After the Hurricane

There is that moment, an hour or two
after the hurricane, when it comes
to you that, before it hit, you were
weeping. You sat in the kitchen and
thought about aging, how your children
hated the oldness of you, refused
to see you. You were weeping. Your feet
were crossed at the ankles, a tissue
was balled-up and damp in your fist. You
wept for your sins, for the selfishness
of your soul, for the sound the minutes
make as they race by you, pass you up.
When the hurricane hit, the screen door
blew off and the roof shingles lifted
and the rain came like needles. Your cat
leapt to the top of the fridge, your lover
pulled you into the bathroom and held
you very tightly. The lights went out,
the phone rang twice then stopped, a porch chair
blew over on its side, danced across
the yard. After a while, it was over.
You thanked God for the cat, for the roof,
for the way it stopped suddenly, then
all you heard was rain landing hard on
the sill. You went to bed and woke late
at night with a cramp in your hand. You
still held the tissue, balled-up and damp
in your fist. Oh yes, you told your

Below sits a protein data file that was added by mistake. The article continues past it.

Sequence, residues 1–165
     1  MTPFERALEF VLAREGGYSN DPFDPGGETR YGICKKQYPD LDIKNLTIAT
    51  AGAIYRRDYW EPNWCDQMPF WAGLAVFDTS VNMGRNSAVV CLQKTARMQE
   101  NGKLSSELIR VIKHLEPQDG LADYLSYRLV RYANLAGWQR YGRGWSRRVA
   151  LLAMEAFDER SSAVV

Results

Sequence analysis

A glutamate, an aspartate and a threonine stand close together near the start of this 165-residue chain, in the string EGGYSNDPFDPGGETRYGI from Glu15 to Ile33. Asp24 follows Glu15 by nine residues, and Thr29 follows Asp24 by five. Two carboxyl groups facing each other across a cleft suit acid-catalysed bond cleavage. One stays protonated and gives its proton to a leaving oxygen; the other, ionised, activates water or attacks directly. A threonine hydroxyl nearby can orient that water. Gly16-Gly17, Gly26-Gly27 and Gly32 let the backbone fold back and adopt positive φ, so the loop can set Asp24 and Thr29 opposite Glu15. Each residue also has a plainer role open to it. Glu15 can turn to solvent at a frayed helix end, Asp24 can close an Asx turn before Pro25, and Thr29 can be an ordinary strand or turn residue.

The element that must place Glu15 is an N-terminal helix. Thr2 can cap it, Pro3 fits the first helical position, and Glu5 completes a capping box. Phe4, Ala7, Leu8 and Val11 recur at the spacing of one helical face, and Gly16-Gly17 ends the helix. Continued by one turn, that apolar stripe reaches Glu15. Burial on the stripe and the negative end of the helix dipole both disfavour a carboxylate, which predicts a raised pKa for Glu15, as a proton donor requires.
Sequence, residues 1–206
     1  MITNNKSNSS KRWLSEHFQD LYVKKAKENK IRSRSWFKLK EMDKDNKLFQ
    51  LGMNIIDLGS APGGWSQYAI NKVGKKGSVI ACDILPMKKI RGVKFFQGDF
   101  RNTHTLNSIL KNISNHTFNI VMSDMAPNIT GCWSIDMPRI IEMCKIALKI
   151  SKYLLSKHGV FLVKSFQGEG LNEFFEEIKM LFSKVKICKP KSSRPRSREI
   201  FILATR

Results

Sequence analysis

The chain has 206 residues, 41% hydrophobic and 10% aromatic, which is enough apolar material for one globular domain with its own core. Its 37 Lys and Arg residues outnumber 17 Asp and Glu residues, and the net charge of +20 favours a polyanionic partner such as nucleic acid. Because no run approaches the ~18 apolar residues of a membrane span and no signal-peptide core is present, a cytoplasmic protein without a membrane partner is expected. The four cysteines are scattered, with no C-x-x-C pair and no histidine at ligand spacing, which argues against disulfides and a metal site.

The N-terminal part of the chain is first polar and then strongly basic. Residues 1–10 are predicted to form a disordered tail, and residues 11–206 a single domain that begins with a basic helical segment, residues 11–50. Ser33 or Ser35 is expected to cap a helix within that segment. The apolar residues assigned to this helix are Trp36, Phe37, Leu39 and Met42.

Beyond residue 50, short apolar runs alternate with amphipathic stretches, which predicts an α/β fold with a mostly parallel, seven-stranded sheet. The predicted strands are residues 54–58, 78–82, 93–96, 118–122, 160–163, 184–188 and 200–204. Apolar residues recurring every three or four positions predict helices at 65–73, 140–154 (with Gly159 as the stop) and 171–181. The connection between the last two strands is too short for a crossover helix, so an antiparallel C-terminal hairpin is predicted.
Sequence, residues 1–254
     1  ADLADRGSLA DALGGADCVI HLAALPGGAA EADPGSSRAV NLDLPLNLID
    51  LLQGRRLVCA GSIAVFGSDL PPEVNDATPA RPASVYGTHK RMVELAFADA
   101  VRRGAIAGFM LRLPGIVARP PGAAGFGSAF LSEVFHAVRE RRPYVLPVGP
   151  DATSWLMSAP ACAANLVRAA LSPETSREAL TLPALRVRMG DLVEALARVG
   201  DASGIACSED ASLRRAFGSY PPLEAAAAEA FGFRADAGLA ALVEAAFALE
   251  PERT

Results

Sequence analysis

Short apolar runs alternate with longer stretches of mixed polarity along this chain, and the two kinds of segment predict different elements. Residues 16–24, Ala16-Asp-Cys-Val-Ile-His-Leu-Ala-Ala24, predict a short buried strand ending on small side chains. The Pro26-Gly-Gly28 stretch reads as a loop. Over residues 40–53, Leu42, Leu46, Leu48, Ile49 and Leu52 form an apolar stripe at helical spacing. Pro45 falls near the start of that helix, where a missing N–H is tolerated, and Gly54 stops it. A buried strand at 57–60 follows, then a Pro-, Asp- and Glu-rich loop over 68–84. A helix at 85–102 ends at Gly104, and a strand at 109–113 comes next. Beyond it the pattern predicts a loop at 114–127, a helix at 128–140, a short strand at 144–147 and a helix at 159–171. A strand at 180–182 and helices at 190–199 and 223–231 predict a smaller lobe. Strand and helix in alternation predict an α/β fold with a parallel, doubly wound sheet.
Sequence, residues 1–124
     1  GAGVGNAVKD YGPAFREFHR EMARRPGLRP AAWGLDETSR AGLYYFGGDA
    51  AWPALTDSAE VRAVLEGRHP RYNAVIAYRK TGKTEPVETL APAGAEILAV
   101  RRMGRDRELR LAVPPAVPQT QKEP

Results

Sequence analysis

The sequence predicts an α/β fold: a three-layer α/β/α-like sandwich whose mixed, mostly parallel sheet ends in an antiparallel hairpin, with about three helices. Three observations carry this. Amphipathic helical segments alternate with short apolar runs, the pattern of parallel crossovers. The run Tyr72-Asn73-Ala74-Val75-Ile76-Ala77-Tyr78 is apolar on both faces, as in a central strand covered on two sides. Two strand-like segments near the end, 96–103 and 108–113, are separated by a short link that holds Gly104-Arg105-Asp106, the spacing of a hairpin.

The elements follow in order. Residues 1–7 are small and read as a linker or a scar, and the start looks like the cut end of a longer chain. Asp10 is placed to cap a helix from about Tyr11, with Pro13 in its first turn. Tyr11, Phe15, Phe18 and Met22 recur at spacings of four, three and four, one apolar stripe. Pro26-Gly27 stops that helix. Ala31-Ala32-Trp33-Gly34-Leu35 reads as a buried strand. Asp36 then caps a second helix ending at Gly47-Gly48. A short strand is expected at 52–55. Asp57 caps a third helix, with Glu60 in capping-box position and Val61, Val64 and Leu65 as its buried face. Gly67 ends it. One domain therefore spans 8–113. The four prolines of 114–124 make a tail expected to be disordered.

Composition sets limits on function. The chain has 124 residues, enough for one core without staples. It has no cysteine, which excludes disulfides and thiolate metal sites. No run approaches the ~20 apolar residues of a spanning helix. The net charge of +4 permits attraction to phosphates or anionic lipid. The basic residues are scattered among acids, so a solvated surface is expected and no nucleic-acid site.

self, right before the hurricane, I
was weeping.

by Martina Reisz Newberry

from Learning by Rote

In this time of giving and giving thanks, I’m thankful for the quiet since Sandy, and everything else in my life, even since this year seemed to be a year of losses. We don’t like to mention the bad things. People are still sifting and sorting, wondering. The loss of a loved one seems absolute but the memories and sense of being alone return and we find beauty in little things. A bird song outside my doorstep, a melody pure and clean, everything gonna be alright. I’m grateful just to have known you. No matter if you are in a distant land, I will always be with you, my friend.

Songs and music are an important part of this time of year for me. Old songs, old tunes, are like smells the way they make us remember another time, a place we first heard a song, or a gathering with friends when that tune was played, over and over. The fun, the warmth, the faces don’t leave us, and though this time can be a time that sometimes seems sad, we can rejoice in living and what we know is good. The love we receive is equal to the love we give. Seeing the joy from what we give is sweeter than what we get.

Thank you for visiting this blog, thanks for the likes, thank you for buying books, or supporting the Deerbrook mission.

We have a campaign on Indiegogo for our non-profit press this blog is named for, project Deerbrook which made possible by our fiscal sponsor Fractured Atlas. We have many books on sale at the Website. We have three new interesting books and another soon to be available.


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